External Affairs

What Once Was the Main Slave Port in the Americas Is Now a World Heritage Site

Rio de Janeiro’s Valongo Port was declared a UNESCO World Heritage Site in July.

UNESCO said the site was the “most important physical trace” of the transatlantic slave trade on the American continent. Credit: Creative Commons/Halley Pacheco de Oliveira via The Independent

The remains of what was once the largest slave trade port in the Americas came to the surface in 2011 after almost 200 years buried, when construction work on Rio de Janeiro’s port area began as part of the city’s preparations ahead of the Olympic Games it would host five years later.

In July 2017, UNESCO certified the place as a World Heritage Site, with the purpose of turning the long-lost stones of Cais do Valongo into a memorial site.

The recognition from the UN’s educational, scientific and cultural arm forces Brazil to recognise a period of its history that the country still struggles to fully confront. Brazil was the last country in the Americas to abolish slavery, doing so in 1888. The slave trade, however, became illegal in 1843 and Valongo lost its purpose. According to the online historical database Slave Voyages:

Brazil was the center of the slave trade carried on under the Portuguese flag, both before and after Brazilian independence, in 1822, and Portugal was by far the largest of the national carriers. Brazil dominated the slave trade in the sense that Rio de Janeiro and Bahia sent out more more slaving voyages than any port in Europe […] Over nearly three centuries between 1560 and 1850, Brazil was consistently the largest destination for slaves in the Americas.

Valongo’s Quay was created in 1811 — three years after the arrival of Portugal’s royal family, who were escaping Napoleon’s army in Europe — and soon became the main destination for ships bringing enslaved people to the Americas. Historian Lilian Moritz Schwarcz, who is a scholar in São Paulo’s University and a Global Scholar Program participant at Princeton University in the US, explains that it was located only a few steps away from the royal palace and during their walks, the monarchs would often watch traders preparing “their products” — separating families and rubbing whale oil on the enslaved Africans’ bodies to cover any wounds:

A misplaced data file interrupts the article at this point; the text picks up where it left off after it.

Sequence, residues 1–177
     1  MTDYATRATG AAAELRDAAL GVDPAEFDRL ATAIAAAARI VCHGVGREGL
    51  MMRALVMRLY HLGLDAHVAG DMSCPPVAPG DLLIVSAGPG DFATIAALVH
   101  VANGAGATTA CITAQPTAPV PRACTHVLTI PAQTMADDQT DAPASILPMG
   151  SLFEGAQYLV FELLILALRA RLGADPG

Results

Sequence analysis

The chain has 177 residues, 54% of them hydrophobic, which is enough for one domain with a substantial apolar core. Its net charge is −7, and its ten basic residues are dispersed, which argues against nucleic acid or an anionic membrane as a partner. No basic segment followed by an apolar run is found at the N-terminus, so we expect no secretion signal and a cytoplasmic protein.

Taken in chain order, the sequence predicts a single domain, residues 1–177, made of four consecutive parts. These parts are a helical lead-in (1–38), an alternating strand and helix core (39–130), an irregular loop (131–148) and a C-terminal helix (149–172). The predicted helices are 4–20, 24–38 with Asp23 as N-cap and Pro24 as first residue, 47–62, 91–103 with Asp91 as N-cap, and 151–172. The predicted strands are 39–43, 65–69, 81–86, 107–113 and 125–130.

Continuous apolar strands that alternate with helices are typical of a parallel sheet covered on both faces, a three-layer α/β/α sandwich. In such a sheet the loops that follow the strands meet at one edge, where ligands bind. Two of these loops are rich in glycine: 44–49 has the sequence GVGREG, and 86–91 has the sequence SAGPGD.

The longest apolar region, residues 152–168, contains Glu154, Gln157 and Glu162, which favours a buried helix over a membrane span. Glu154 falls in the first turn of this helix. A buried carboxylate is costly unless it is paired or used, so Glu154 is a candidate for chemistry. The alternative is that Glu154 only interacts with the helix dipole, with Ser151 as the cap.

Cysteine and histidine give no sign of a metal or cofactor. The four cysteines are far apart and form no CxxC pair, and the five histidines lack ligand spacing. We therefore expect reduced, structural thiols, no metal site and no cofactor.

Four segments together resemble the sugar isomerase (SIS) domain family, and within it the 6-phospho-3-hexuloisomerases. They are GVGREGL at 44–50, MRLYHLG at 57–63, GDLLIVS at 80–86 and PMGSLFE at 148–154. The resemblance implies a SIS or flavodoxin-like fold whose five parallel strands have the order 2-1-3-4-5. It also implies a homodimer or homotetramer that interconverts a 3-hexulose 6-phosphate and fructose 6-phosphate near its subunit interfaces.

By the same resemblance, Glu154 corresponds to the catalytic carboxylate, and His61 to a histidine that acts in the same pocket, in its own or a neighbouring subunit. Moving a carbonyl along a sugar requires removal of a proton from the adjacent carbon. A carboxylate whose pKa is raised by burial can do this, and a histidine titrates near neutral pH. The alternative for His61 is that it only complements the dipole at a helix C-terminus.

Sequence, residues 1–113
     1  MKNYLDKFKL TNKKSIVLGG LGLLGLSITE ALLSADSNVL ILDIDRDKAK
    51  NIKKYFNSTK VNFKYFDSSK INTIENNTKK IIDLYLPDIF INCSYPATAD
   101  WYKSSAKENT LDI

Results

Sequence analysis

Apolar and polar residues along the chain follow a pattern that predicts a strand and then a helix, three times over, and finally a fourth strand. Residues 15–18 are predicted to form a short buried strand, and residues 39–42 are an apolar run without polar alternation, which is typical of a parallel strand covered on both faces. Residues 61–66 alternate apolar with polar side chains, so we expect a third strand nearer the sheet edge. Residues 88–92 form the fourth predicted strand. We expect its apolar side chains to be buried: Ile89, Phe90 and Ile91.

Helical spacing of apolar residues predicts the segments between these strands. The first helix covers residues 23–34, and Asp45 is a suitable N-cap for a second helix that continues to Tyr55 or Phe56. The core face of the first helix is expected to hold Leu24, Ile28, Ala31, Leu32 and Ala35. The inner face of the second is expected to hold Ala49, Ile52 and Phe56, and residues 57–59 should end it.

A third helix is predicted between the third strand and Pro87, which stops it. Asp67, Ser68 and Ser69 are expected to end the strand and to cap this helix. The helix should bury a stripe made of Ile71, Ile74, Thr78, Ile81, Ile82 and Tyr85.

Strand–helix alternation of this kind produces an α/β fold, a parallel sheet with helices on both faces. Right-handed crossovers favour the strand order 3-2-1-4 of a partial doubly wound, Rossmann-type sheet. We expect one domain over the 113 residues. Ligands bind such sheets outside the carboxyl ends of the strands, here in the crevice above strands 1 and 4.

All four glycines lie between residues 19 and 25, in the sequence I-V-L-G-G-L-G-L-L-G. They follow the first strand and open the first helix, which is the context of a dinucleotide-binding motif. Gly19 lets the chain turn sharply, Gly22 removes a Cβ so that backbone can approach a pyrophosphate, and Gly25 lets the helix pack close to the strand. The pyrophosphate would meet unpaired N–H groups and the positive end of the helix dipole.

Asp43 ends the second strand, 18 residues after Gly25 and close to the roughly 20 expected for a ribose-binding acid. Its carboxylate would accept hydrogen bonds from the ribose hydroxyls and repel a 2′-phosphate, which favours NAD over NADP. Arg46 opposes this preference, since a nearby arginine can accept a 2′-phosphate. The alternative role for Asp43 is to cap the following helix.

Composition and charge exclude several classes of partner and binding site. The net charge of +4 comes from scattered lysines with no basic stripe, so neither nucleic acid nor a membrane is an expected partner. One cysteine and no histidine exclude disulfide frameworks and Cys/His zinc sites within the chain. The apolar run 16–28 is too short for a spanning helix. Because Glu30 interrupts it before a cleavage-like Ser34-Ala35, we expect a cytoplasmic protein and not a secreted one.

Brazil received more than 4 million Africans, during the (almost) four centuries the country had a regime of enslavement. That number is equivalent to a little less than half of [all the Africans] who left their continent of origin, forcibly, and managed to arrive at the Americas alive, after a long journey full of adversities. From this absolute number, nearly 60% docked at Rio de Janeiro and about 1 million entered by Valongo’s Quay.

Which means that in 32 years of operation, Valongo not only became the most trafficked slave port, but also received a quarter of all enslaved Africans who ever entered Brazil throughout the centuries that the system endured. When Brazil’s National Historical and Artistic Patrimony Institute (IPHAN) presented the site as a candidate to UNESCO, its then President Kátia Bogéa explained that Valongo was “the only [site] representing millions of African people who were enslaved and worked to build Brazil as a nation, creating the largest black people population outside of Africa”.

As historian Schwarcz puts it in her recent article about the heritage title, in Brazil’s case having this historical site recognised is more than a matter of memory. It’s about “closing the door on oblivion”:

It’s not about condemning these populations to their past, especially because no one was a slave by origin or birth. But it’s about remembering and elevating the Africa that lives in us. As Alberto da Costa e Silva, our greatest Africanist, beautifully defines: ‘Brazil is an extraordinarily Africanised country. And only someone who doesn’t know Africa can escape how much of it there is in our gestures, in how we live and be, in our aesthetic sense. [….] With or without remorse, slavery is the longest and most important process in our history.

Fernanda Canofre is a Brazilian journalist with a master’s degree in history.

This article is published courtesy of Global Voices. Read the original here